Why?

  • Viola Davis:

    Because no one thinks we have the balls to pull this off.

  • Jeffrey Brown:

    McQueen enlisted writer Gillian Flynn, the Chicago-based bestselling author of "Gone Girl" and other thrillers, as his co-writer.

  • Gillian Flynn:

    What's cool about a heist film is the teamwork, is the men figuring each other out, the men figuring each other's skill sets out. And, to me, that's always such a male thing. You know, it's, how do men work? How do men make teams? How do men drive jobs?

    I mean, and that's always what male society is about. So to get to see women do that, I think, is a very cool and very unique sort of thing. To me, it feels very groundbreaking because it feels very real.

  • Jeffrey Brown:

    I heard you speaking on the stage before the premiere, and you were talking about the need to make films that look more like the real world, where the people look more like real people in the world.

  • Steve McQueen:

    I was thinking about the people who go to the movies, the people in the audience, wanting to be reflected onto the screen. That's all. That screen has to be a mirror reflecting back on the reality of its surroundings. That's all. Pretty simple.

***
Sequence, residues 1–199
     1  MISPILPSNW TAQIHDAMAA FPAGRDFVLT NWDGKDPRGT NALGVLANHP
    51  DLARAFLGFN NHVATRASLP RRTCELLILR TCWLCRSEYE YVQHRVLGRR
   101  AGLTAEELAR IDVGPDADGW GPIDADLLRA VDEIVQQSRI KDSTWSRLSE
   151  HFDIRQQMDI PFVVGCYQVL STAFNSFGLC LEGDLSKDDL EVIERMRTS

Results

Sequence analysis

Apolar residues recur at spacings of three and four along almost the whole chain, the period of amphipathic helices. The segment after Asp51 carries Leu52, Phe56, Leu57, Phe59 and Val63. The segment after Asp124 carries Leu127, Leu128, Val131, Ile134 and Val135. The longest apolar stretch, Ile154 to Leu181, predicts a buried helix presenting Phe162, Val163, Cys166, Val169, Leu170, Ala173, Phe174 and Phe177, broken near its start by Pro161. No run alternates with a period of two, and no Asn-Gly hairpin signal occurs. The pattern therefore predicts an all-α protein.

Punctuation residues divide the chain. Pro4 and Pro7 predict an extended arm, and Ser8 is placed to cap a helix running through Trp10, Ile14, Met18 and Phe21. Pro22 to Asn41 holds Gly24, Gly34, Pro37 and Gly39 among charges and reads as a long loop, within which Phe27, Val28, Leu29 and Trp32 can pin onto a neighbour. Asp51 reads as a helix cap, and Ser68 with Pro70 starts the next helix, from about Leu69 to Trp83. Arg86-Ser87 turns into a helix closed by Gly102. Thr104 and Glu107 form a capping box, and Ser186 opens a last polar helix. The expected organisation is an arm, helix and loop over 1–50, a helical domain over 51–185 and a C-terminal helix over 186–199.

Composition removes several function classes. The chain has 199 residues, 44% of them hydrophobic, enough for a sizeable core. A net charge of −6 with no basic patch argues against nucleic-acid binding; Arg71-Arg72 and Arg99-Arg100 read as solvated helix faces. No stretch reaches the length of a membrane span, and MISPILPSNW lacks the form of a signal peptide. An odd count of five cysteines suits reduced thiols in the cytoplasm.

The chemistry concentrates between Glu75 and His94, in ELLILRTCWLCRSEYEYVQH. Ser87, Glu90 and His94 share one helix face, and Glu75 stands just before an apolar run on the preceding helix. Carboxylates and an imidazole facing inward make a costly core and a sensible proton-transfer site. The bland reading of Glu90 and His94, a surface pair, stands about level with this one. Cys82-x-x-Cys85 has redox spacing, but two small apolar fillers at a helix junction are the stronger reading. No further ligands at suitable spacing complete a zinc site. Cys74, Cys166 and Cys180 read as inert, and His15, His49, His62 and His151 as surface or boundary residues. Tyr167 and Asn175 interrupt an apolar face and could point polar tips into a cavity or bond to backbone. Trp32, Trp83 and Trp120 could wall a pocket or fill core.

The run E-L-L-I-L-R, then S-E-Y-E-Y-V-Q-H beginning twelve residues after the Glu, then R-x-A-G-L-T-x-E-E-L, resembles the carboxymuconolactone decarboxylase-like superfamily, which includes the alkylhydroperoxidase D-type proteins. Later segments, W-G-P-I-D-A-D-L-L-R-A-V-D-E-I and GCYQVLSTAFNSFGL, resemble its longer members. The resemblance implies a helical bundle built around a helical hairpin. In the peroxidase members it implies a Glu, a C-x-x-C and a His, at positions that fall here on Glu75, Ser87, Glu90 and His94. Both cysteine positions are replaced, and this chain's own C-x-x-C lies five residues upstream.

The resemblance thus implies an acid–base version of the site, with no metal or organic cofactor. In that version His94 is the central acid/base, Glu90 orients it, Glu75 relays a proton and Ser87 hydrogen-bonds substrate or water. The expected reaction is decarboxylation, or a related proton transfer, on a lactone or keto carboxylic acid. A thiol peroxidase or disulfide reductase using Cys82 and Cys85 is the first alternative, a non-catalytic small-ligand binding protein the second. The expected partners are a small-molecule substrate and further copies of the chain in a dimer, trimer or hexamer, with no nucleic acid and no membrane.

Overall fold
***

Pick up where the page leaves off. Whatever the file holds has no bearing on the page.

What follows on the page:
• Jeffrey Brown:

    And that is not the case?

  • Steve McQueen:

    Often, that is not. I mean, that's why people make a big deal about the whole idea of diversity, as if they don't look out their window. I mean, it's our reality.

  • Jeffrey Brown:

    Do you see things changing in film, in the culture?

  • Steve McQueen:

    Slowly, slowly.

    It used to be that every sort of film or every other film, you know, the main protagonist, his best friend used to be black, and he used to sort of or she used to sort of disappear fairly quickly, within the first 20 or 15 minutes.

    So let's hope we get a fair and proper reflection of our reality. And if you want to keep cinema alive, one has to sort of cater to the people who pay to go and see it.

  • Jeffrey Brown:

    Steve McQueen's "Widows" opens today, nationwide.

    For the "PBS NewsHour," I'm Jeffrey Brown at the Toronto International Film Festival.